After checking out all the commercially pet steps available, the hubby decided to go all DIY and make them a custom set of stairs. I’m sure if you search you can find some free online plans, but be sure you take into account your own pup’s size and shape and change them as necessary. Also, note the height and width you have to work with within the location you’ll be using them in.
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There are also books available for DIY pet projects including Black & Decker’s 24 Weekend Projects for Pets: Dog Houses, Cat Trees, Rabbit Hutches & More if you’re not ready just to throw something together.
The hubby just pulled out some scrap lumber – 2×4’s and trim left over from the remodeling – and came up with what he thought was a set of stairs with deeper treads and a lower rise on the stairs for our 5 pound Maltese and 10 pound Pomeranian. His goal was to size the stairs to their body size, so he measured from the floor to their knees to estimate the height (rise) of the steps first. Then had them step up onto a cardboard box to estimate how much stair depth they needed to comfortably get their front and back legs both on the same stair. Then he divided the height of the bed by the rise and that gave him the number of stairs he needed.
He cut the large side pieces (stringers) and then the treads along with a back piece to finish them off. He used screws and glue to put them all together.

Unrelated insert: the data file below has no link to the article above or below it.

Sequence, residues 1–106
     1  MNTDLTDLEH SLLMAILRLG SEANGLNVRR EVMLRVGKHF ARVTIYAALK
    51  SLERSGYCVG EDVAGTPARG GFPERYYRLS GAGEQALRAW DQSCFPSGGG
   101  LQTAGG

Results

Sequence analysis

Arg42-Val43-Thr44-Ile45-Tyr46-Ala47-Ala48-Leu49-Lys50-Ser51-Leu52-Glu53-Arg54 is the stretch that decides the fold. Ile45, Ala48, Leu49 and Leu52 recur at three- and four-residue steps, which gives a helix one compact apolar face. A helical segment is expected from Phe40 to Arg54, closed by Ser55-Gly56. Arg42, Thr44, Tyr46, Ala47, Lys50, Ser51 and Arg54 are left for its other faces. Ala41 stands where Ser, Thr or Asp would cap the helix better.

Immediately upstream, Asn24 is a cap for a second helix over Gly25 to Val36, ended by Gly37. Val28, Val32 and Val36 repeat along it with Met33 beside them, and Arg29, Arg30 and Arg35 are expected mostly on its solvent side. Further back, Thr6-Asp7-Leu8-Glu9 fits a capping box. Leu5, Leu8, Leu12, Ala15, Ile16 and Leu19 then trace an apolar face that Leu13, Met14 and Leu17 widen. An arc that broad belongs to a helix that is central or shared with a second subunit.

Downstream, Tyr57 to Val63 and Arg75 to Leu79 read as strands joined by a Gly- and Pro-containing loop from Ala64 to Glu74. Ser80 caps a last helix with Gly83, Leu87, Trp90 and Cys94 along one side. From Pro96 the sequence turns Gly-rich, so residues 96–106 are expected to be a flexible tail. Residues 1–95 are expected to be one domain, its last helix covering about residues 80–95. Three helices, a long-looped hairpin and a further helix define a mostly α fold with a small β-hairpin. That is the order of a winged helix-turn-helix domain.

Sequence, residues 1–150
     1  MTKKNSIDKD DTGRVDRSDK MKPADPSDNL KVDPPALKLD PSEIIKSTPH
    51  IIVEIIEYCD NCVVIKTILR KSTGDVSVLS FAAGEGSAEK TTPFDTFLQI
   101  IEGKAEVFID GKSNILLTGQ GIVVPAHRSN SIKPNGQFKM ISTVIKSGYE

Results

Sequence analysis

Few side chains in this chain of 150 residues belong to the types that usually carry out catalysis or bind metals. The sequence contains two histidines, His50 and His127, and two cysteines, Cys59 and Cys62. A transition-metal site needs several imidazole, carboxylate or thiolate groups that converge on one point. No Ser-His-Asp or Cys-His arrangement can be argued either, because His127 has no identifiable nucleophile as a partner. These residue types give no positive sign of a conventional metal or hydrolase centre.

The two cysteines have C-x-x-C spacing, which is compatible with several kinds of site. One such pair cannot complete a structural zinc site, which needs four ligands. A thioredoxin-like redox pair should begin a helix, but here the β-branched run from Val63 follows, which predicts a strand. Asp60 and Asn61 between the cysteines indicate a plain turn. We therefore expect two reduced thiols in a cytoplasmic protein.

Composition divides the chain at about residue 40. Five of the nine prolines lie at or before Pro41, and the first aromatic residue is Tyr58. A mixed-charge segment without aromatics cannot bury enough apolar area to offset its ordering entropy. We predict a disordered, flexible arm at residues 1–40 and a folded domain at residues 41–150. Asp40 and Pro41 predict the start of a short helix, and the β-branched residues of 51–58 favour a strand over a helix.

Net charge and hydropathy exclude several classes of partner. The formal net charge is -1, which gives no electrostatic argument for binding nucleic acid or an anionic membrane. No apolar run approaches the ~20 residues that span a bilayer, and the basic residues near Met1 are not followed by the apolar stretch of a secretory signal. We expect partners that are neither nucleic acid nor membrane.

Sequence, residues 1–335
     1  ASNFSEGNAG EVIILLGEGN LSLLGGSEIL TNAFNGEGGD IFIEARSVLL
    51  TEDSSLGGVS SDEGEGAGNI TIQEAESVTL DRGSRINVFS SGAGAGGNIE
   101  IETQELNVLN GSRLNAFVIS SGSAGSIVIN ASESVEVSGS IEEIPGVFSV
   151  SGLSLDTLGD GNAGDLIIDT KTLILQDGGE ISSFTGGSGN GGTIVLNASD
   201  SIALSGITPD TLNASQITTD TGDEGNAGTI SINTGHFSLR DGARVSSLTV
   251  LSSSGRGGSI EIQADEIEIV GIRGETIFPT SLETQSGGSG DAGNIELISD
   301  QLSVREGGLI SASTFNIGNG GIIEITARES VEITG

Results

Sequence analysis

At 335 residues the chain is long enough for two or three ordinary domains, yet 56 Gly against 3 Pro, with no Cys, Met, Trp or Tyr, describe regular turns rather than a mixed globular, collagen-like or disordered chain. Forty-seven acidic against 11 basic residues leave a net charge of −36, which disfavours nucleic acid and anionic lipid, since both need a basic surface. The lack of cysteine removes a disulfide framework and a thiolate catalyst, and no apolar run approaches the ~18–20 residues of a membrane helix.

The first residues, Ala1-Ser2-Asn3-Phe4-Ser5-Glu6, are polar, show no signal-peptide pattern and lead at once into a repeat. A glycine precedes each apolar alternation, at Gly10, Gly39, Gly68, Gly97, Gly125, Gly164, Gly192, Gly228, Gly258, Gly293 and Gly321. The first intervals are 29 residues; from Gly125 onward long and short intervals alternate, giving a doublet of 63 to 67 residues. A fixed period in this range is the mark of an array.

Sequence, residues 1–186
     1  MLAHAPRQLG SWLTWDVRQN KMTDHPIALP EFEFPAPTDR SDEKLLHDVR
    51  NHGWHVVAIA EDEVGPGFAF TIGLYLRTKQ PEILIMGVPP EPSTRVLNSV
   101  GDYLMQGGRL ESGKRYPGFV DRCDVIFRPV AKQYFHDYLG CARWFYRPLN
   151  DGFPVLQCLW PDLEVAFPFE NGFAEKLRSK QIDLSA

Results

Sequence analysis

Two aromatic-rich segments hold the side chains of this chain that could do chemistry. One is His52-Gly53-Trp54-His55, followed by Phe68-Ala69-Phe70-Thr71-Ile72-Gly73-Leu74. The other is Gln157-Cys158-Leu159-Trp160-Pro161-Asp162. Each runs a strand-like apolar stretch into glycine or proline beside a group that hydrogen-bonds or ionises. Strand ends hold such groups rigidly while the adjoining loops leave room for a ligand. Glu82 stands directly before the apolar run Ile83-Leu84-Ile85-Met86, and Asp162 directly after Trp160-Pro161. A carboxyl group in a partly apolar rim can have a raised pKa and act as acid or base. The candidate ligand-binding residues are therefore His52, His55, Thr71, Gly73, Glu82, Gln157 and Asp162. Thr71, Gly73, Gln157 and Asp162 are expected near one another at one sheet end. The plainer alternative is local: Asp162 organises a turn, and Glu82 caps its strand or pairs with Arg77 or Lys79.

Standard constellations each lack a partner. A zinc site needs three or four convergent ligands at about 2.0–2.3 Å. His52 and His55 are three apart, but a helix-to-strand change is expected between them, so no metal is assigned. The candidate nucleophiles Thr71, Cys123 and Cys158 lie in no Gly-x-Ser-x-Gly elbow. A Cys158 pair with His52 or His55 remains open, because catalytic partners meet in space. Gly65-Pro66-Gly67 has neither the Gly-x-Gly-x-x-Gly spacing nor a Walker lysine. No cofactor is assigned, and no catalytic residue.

Don’t know how to make stairs? Check out How to Build Stairs – Basic Stairs Anatomy
The steps are nailed together, and yesterday we tried them out. The girls adjusted well and if I’d been consulted on the design, which I was not, I would have made the top stair twice the length. I can see one of the girls sitting at the top blocking the other from getting up and/or down – that’s what our dogs do. Plus should they take a running start, which was necessary for them to get up our old stairs, there’s some slop at the top for them to stop within without falling off the end.
The stairs need the nail holes filled, and then we’ll be painting them. The hubby used decorative trim to finish them off. The trim isn’t necessary, but it makes them look better, and it’s also practical. It gives the pup’s claws something to catch on, and it’ll help hold the carpet in place (we’ll likely use Velcro to attach them for easy removal for cleaning).
We’ll be covering the stairs with some leftover Flor carpet tiles from another project because they’re easy to cut, and they can be removed, washed, dried, and then replaced.
These homemade DIY dog stairs are phenomenally better than the plastic version we had before, and they fit perfectly because they were designed for the space. I only hope that once they’re in place, we can convince the big dog that it doesn’t mean he can get up on the bed. After 12 years of it being his spot, it’s hard to tell him he’s no longer welcome.
So how does the cost compare to purchased stairs? The closest comparison is a value line product that retails for $72 with the manufacturer noting that they have low-quality carpet on them, so the screws show. Stairs closer in size and quality to ours run $168. I think I’ll stick with the homemade version for now because we had the lumber on hand left over from other projects, so our cost was just our time.
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Not ready to go the DIY route? Or want something that takes up a little less space? We use a high-density foam pet stair in the living room. The girls have no problem with them. Gracie is about 6 lbs. I wouldn’t use them for dogs over 15-20 pounds as I think they become unstable at that point.
This content was originally published here.